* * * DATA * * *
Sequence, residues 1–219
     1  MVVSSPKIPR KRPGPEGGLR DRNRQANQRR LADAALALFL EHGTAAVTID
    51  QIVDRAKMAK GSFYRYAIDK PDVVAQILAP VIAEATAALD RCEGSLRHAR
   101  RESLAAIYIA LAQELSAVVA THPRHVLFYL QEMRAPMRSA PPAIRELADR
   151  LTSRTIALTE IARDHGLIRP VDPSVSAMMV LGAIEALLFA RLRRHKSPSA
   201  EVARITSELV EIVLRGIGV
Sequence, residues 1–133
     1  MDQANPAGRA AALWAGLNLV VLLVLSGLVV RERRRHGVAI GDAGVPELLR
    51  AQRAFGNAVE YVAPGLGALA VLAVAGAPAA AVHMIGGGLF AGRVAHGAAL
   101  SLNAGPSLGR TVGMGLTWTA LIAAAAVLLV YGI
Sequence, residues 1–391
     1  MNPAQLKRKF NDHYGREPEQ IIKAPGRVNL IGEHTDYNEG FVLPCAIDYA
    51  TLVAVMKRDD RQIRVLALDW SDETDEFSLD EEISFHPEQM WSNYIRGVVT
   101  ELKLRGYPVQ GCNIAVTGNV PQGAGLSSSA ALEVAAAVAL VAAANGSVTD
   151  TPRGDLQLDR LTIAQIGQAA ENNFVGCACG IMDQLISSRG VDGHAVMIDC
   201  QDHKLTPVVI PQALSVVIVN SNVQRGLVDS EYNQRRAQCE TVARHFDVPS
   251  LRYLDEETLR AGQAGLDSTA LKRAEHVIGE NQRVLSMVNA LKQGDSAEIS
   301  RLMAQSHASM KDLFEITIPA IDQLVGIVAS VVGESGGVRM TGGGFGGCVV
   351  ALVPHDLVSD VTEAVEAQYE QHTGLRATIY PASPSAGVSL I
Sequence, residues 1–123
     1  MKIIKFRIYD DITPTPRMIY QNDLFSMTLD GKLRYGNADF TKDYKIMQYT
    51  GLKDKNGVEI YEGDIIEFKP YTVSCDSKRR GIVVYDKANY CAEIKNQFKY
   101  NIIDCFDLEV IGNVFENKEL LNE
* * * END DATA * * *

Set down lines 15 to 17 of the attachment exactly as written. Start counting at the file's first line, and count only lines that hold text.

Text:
   151  TPRGDLQLDR LTIAQIGQAA ENNFVGCACG IMDQLISSRG VDGHAVMIDC
   201  QDHKLTPVVI PQALSVVIVN SNVQRGLVDS EYNQRRAQCE TVARHFDVPS
   251  LRYLDEETLR AGQAGLDSTA LKRAEHVIGE NQRVLSMVNA LKQGDSAEIS